More than two dozen state attorneys general and other groups are also challenging the mandate in court.
Despite the court’s ruling, however, the White House urged businesses to continue implementing the guidance for COVID-19 vaccines and testing.
Pfizer, BioNTech, Moderna making $1,000 profit every second
Pfizer, BioNTech and Moderna are making combined profits of $65,000 every minute from their highly successful COVID-19 vaccines while the world’s poorest countries remain largely unvaccinated, according to a new analysis.
The companies have sold the vast majority of their doses to rich countries, leaving low-income nations in the lurch, said the People’s Vaccine Alliance (PVA), a coalition campaigning for wider access to COVID vaccines, which based its calculations on the firms’ own earning reports.
The Alliance estimates that the trio will make pre-tax profits of $34 billion this year between them, which works out to over $1,000 a second, $65,000 a minute or $93.5 million a day.
“It is obscene that just a few companies are making millions of dollars in profit every single hour, while just two percent of people in low-income countries have been fully vaccinated against coronavirus,” Maaza Seyoum of the African Alliance and People’s Vaccine Alliance Africa said.
“Pfizer, BioNTech and Moderna have used their monopolies to prioritise the most profitable contracts with the richest governments, leaving low-income countries out in the cold.”
Pfizer and BioNTech have delivered less than one percent of their total supplies to low-income countries while Moderna has delivered just 0.2 percent, the PVA said.
Currently, 98 percent of people in low-income countries have not been fully vaccinated.
The three companies’ actions are in contrast to AstraZeneca and Johnson & Johnson, which provided their vaccines on a not-for-profit basis, though both have announced they foresee ending this arrangement in future as the pandemic winds down.
PVA said that despite receiving public funding of more than $8 billion, Pfizer, BioNTech and Moderna have refused calls to transfer vaccine technology to producers in low- and middle-income countries via the World Health Organization, “a move that could increase global supply, drive down prices and save millions of lives.”
“In Moderna’s case, this is despite explicit pressure from the White House and requests from the WHO that the company collaborate in and help accelerate its plan to replicate the Moderna vaccine for wider production at its mRNA hub in South Africa,” the group said.
Informers key in enforcing Biden vaccine mandate
To enforce President Joe Biden’s forthcoming COVID-19 mandate, the U.S. Labor Department is going to need a lot of help. Its Occupational Safety and Health Administration doesn’t have nearly enough workplace safety inspectors to do the job.
So the government will rely upon a corps of informers to identify violations of the order: Employees who will presumably be concerned enough to turn in their own employers if their co-workers go unvaccinated or fail to undergo weekly tests to show they’re virus-free.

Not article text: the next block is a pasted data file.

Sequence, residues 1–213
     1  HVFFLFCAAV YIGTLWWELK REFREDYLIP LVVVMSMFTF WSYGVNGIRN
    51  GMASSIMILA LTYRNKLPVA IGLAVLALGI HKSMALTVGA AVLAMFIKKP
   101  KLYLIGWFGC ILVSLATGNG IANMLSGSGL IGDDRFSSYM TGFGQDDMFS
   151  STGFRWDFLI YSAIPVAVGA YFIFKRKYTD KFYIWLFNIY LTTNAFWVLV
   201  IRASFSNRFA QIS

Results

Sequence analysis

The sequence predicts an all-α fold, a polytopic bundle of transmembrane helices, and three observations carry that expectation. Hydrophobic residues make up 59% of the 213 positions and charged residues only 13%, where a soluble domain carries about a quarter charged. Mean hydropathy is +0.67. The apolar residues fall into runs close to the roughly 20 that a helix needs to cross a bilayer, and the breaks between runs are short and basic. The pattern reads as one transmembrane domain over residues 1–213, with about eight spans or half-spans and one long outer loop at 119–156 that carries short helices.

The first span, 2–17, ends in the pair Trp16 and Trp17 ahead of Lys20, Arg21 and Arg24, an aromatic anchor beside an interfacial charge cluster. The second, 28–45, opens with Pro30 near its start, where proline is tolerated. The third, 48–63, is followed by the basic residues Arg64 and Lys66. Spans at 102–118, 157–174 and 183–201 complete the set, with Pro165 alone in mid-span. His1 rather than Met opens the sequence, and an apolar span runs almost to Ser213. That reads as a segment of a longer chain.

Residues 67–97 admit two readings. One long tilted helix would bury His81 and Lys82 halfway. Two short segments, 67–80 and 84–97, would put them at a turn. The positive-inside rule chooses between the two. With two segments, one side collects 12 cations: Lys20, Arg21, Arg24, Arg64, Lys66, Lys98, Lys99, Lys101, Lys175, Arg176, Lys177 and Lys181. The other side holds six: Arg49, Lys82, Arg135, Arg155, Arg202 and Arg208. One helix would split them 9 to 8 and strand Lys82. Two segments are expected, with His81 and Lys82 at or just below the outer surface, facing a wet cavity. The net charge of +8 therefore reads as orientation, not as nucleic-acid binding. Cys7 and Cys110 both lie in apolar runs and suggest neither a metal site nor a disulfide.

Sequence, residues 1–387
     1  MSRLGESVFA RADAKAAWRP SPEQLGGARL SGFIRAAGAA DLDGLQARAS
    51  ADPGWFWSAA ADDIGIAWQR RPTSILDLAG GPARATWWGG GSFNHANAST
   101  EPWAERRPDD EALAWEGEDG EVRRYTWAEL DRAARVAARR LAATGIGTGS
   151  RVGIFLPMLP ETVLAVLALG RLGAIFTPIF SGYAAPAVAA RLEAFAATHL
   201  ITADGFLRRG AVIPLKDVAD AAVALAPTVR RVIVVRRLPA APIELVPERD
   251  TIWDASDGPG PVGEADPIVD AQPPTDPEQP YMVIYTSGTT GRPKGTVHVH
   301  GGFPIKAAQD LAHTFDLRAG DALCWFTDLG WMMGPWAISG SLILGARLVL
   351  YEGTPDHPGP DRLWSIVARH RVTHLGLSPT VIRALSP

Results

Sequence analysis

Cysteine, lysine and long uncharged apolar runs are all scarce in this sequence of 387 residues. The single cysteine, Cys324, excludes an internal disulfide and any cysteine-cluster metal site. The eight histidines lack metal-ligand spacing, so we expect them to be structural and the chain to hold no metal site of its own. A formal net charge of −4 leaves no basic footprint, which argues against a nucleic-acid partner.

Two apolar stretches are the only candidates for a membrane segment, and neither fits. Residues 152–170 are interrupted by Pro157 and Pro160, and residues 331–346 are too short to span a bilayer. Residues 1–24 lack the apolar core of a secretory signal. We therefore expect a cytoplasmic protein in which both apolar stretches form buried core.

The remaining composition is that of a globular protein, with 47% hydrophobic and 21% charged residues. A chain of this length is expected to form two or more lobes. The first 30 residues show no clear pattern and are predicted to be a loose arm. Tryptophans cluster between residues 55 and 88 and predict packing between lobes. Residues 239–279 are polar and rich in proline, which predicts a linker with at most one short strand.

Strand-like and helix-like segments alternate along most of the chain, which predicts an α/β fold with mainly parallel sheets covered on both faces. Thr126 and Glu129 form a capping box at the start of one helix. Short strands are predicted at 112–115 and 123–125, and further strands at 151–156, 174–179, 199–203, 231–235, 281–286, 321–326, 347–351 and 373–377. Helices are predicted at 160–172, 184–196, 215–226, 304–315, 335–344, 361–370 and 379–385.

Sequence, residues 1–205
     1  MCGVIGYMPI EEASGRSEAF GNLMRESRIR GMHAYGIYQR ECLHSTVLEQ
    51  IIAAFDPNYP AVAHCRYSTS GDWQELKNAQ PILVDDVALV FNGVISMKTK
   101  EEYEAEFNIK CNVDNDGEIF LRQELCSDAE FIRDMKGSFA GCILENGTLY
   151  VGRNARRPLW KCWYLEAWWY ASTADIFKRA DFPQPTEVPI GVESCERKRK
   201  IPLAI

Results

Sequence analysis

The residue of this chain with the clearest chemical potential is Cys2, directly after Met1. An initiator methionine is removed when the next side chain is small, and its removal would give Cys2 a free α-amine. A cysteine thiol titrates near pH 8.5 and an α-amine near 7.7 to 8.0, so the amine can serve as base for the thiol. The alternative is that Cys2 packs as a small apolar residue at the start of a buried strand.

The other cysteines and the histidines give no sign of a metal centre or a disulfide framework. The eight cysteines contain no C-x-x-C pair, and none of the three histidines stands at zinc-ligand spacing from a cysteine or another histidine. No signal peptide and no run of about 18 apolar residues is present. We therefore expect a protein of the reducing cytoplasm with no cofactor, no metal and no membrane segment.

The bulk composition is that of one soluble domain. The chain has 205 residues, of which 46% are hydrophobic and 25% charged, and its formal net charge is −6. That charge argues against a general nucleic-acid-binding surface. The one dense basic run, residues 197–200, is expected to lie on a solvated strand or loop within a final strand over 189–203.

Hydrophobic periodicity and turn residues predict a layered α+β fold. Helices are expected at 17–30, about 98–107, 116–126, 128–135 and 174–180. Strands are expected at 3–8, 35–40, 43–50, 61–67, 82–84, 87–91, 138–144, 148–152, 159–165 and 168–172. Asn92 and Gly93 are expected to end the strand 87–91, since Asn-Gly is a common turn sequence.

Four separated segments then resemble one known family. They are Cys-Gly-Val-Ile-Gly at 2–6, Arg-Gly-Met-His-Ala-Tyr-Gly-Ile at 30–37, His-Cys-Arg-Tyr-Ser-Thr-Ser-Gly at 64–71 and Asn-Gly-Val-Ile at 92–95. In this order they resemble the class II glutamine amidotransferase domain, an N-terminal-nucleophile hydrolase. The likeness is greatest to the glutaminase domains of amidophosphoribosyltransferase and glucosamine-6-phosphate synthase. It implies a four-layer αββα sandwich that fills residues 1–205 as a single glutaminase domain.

What’s not known is just how many employees will be willing to accept some risk to themselves – or their job security – for blowing the whistle on their own employers. Without them, though, experts say the government would find it harder to achieve its goal of requiring tens of millions of workers at companies with 100 or more employees to be fully vaccinated by Jan. 4 or be tested weekly and wear a mask on the job.
“There is no army of OSHA inspectors that is going to be knocking on employers door or even calling them,” said Debbie Berkowitz, a former OSHA chief of staff who is a fellow at Georgetown University’s Kalmanovitz Initiative for Labor and the Working Poor. “They’re going to rely on workers and their union representatives to file complaints where the company is totally flouting the law.’’
Jim Frederick, the acting chief of OSHA, told reporters that this agency will focus on job sites “where workers need assistance to have a safe and healthy workplace.”
“That typically comes through in the form of a complaint,” Frederick added.
Critics warn that whistleblowers have often faced retaliation from their employers and that OSHA has offered little protection when they do.
The new mandate, which Biden announced last week, is the administration’s most far-reaching step yet to prod more Americans to get a vaccine that has been widely available since early spring. The mandate will cover an estimated 84 million employees.
The president called the move necessary to combat an outbreak that has killed 750,000 Americans and that continues to spread. Companies that fail to comply will face fines of nearly $14,000 per “serious’’ violation. Employers found to be “willful’’ or repeat violators would be subject to fines of up to ten times that amount.
The mandate has run into furious opposition, though, from leaders of mainly Republican-led states who have condemned the plan as an unlawful case of federal overreach and who immediately challenged the vaccine-or-test requirements in court. On Saturday, the Biden administration endured a setback when a federal appeals court in New Orleans temporarily halted the mandate, saying it posed “grave statutory and constitutional issues.”
Should the mandate survive its legal challenges, though, the task of enforcing it would fall on OSHA, the small Labor Department agency that was established 50 years ago to police workplace safety and protect workers from such dangers as toxic chemicals, rickety ladders and cave-ins at construction sites.
OSHA has jurisdiction in 29 states. Other states, including California and Michigan, have their own federally approved workplace safety agencies. These states will have an additional month – until early February – to adopt their own version of the COVID mandate, equal to or tougher than OSHA’s.
For a task as enormous as enforcing the new vaccine mandate, OSHA and its state “partners’’ are stretched thin. Just 1,850 inspectors will oversee 130 million workers at 8 million job sites. So the agencies must rely on whistleblowers.
OSHA urges workers to first bring unsafe or unhealthy working conditions to the attention of their employers “if possible.’’ Employees could also file a confidential safety complaint with OSHA or have a case filed by a representative, such as a lawyer, a union representative or a member of the clergy. But they have no right to sue their employer in court for federal safety violations.